The New Zealand Curriculum describes teaching as inquiry as a process that involves educators investigating the impact of their decisions and practice on students. In early 2010, the Ministry of Education asked the Education Review Office (ERO) to conduct an initial evaluation, and a follow-up evaluation one year later using the same methodology. The evaluations were to capture, at points in time, the nature of the inquiry teachers were using, and to describe the extent to which teachers were using inquiry to inform their practice. In the initial evaluation, the schools were selected from those scheduled for an education school review in Term 3, 2010.
Findings from the first evaluation were published in the 2011 ERO report, Directions for Learning: The New Zealand Curriculum Principles and Teaching as Inquiry. A further group of schools were selected for a follow-up evaluation as part of their scheduled education reviews in Term 3, 2011. This report outlines findings from these schools and focuses on the nature and the quality of the:
ERO found that 58 percent of schools had processes in place that were either highly, or somewhat supportive of teaching as inquiry. Where inquiry was working well in classrooms and amongst groups of teachers, all phases of the inquiry cycle were happening. However, teachers and leaders were stronger at the focusing inquiry phase (identifying which students need help), than they were at planning how to respond to them (teaching inquiry) and evaluating how well programmes impact on learners (learning inquiry). These latter stages require a level of problem-solving and evaluation that challenge many teachers. ERO also found this issue in the previous evaluation. It would be useful for leaders to help teachers to develop their competency in both of these areas if they are to achieve the important task of lifting student achievement among priority groups.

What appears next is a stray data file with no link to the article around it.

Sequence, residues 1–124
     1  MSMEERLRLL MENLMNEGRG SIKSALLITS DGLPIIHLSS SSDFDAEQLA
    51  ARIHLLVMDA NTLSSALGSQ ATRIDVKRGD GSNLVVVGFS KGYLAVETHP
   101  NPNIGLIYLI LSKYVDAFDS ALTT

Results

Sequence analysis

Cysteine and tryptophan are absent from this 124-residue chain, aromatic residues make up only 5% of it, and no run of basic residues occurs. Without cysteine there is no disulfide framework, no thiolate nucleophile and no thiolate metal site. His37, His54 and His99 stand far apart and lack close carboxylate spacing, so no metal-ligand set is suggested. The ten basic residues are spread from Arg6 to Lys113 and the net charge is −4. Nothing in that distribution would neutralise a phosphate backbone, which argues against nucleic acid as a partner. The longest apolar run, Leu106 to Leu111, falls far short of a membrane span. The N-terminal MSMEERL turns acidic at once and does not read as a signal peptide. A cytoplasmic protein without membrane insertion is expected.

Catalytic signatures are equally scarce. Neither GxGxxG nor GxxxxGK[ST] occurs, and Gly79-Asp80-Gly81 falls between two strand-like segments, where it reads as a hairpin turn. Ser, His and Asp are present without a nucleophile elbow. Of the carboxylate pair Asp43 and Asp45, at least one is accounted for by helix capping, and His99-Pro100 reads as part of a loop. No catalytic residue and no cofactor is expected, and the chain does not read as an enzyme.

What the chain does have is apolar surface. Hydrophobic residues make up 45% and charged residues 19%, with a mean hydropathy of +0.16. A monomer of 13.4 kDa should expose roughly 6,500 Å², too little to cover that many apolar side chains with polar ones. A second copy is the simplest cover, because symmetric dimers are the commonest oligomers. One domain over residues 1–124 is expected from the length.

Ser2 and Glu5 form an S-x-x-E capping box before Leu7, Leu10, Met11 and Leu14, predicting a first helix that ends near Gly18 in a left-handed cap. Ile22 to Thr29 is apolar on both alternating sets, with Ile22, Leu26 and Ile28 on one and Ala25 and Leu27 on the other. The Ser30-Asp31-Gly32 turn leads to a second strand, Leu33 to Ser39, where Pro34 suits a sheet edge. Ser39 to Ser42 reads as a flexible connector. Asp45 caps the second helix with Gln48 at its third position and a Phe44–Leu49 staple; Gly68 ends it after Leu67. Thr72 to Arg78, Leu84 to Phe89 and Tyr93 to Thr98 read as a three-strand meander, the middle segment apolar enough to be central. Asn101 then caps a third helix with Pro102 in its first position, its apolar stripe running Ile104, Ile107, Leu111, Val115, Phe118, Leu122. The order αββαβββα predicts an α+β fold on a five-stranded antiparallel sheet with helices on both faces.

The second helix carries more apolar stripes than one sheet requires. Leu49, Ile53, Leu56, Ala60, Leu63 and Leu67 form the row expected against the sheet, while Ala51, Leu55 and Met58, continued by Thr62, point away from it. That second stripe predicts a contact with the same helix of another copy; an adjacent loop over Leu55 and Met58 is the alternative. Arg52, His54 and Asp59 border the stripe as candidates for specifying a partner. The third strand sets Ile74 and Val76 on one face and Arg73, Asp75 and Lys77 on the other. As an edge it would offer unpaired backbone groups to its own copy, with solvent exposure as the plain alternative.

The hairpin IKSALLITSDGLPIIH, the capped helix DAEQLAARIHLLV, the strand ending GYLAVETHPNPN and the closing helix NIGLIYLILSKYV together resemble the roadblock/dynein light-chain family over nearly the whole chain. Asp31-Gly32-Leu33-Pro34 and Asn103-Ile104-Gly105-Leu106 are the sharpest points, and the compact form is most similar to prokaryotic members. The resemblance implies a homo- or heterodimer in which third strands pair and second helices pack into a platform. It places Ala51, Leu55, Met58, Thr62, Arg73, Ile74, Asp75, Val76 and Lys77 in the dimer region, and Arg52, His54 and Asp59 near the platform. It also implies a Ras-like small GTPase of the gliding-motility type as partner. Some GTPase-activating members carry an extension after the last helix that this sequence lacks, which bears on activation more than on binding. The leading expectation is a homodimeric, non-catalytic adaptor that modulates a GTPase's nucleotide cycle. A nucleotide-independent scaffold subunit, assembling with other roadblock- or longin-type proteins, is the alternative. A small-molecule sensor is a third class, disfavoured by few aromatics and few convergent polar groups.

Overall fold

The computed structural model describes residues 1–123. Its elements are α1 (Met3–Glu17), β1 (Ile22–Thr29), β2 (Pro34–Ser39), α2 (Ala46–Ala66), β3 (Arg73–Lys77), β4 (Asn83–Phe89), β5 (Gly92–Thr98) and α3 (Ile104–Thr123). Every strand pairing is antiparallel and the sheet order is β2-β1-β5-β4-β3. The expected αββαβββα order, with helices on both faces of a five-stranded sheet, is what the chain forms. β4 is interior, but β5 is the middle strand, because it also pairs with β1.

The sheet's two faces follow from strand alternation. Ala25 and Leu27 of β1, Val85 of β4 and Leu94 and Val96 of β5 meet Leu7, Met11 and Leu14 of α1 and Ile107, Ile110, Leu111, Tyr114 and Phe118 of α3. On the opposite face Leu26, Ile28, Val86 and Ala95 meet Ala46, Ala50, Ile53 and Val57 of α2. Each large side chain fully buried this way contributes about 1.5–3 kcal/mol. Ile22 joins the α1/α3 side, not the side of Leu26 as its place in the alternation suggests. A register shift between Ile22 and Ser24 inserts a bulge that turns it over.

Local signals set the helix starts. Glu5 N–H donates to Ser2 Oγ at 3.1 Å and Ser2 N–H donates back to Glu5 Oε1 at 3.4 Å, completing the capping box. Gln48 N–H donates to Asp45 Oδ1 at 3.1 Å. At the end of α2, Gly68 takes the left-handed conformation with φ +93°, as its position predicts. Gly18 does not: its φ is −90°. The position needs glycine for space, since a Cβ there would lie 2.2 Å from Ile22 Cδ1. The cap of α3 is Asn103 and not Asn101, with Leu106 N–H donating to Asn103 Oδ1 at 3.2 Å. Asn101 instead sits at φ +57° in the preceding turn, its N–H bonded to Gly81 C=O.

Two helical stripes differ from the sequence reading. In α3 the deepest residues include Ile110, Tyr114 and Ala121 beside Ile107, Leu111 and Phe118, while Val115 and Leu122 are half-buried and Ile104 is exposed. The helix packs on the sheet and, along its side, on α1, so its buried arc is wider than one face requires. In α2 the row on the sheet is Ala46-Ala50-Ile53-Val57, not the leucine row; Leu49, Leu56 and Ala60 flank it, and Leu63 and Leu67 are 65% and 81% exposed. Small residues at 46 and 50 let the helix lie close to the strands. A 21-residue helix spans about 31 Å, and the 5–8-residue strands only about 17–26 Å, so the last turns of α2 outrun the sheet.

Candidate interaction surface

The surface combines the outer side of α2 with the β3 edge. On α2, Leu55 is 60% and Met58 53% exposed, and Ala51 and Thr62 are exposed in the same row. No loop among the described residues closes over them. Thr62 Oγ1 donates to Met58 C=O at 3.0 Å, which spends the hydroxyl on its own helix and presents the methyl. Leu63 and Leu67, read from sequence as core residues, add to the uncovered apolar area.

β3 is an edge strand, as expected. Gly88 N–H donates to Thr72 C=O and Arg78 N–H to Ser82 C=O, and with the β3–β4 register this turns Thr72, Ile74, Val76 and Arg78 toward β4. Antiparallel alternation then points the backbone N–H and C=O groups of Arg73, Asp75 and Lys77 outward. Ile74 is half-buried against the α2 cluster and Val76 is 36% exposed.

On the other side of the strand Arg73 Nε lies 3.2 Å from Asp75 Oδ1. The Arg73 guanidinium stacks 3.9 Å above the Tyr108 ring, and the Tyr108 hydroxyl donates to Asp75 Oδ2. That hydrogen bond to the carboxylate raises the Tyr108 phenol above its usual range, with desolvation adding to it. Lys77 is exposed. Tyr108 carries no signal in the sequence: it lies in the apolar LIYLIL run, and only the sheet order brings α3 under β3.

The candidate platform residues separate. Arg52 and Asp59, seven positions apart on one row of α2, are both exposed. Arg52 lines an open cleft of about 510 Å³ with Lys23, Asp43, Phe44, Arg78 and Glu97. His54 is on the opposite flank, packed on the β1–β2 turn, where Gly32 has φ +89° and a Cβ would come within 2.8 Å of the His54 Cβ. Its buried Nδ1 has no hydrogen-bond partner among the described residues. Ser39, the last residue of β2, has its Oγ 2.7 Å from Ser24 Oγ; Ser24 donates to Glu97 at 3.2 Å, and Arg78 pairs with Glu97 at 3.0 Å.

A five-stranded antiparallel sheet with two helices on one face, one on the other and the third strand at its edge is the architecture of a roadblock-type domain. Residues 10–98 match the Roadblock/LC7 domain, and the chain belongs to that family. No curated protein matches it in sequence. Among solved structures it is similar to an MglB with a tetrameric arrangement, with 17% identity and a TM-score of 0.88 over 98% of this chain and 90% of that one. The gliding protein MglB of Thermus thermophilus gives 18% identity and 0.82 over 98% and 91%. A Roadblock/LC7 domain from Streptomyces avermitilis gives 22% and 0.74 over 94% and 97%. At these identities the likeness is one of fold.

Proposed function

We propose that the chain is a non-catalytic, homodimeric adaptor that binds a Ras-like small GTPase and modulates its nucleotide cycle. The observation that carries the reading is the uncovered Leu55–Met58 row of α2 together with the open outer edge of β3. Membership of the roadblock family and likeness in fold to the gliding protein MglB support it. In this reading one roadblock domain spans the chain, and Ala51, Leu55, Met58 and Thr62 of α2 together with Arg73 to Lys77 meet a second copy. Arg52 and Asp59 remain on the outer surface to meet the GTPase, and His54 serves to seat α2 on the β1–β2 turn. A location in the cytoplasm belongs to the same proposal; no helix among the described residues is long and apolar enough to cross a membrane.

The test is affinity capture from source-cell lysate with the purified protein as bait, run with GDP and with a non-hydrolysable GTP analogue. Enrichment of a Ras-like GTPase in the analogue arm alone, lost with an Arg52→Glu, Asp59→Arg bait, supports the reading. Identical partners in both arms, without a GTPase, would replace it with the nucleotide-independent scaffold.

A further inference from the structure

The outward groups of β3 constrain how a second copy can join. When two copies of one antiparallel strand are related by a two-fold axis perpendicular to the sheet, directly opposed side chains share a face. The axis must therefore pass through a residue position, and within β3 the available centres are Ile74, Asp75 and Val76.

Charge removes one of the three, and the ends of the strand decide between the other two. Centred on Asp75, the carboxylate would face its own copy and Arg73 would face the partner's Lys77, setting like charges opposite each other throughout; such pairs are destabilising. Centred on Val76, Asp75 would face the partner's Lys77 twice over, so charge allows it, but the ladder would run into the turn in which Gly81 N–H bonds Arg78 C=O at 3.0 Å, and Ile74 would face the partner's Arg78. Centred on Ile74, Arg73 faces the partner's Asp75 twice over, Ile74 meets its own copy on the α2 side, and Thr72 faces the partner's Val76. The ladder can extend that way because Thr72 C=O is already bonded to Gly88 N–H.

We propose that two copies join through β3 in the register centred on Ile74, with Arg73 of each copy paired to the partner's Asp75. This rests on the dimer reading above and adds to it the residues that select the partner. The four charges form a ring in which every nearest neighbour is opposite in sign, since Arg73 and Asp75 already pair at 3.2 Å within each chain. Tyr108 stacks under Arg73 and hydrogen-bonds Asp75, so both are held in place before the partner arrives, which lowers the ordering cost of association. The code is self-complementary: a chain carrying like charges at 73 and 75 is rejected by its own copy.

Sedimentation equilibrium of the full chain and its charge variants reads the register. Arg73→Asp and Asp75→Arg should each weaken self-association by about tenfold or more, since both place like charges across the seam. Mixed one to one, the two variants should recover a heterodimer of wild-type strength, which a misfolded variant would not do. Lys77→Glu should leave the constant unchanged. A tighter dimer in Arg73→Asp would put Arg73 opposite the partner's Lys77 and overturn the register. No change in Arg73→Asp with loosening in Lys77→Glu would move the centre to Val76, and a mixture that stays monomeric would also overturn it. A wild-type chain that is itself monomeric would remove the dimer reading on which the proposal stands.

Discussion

Where inquiry practice was not strong, leaders and teachers needed to:
ERO compared the data from each of the evaluation phases and noted a disappointing drop in the current evaluation in the extent to which teachers were supported with their inquiry practices, and the extent to which they were inquiring into the impact of their teaching on students. Further analysis of the samples by schools’ type, location, decile and size found that there were no statistical differences between them. While the two samples differed in terms of the ratio of primary schools to secondary schools, this was not found to contribute to this decline.
There are clear benefits for students and teachers when inquiry happens well. Firstly, students’ needs and strengths are responded to quickly and more precisely because teachers have up-to-the-minute information on which to base their teaching decisions. Secondly, the feedback loops that are established when teachers observe, respond and evaluate in “real time” improve their teaching practices.
ERO encourages schools to review the effectiveness of their teaching as inquiry practice, and build on current practice, so that they can better meet the learning needs of all students, particularly priority learners. This includes exploring the factors that make inquiry more successful in some learning contexts than others, with the purpose of supporting teachers to use inquiry more effectively in their day-to-day practices. It is important that teachers adopt teaching as inquiry as a constructive process in which their continuous deep thinking about students’ learning, and their responsive actions, pave the way for all students to succeed. Leaders have a critical role in fostering teaching as inquiry as an ongoing tool for learning.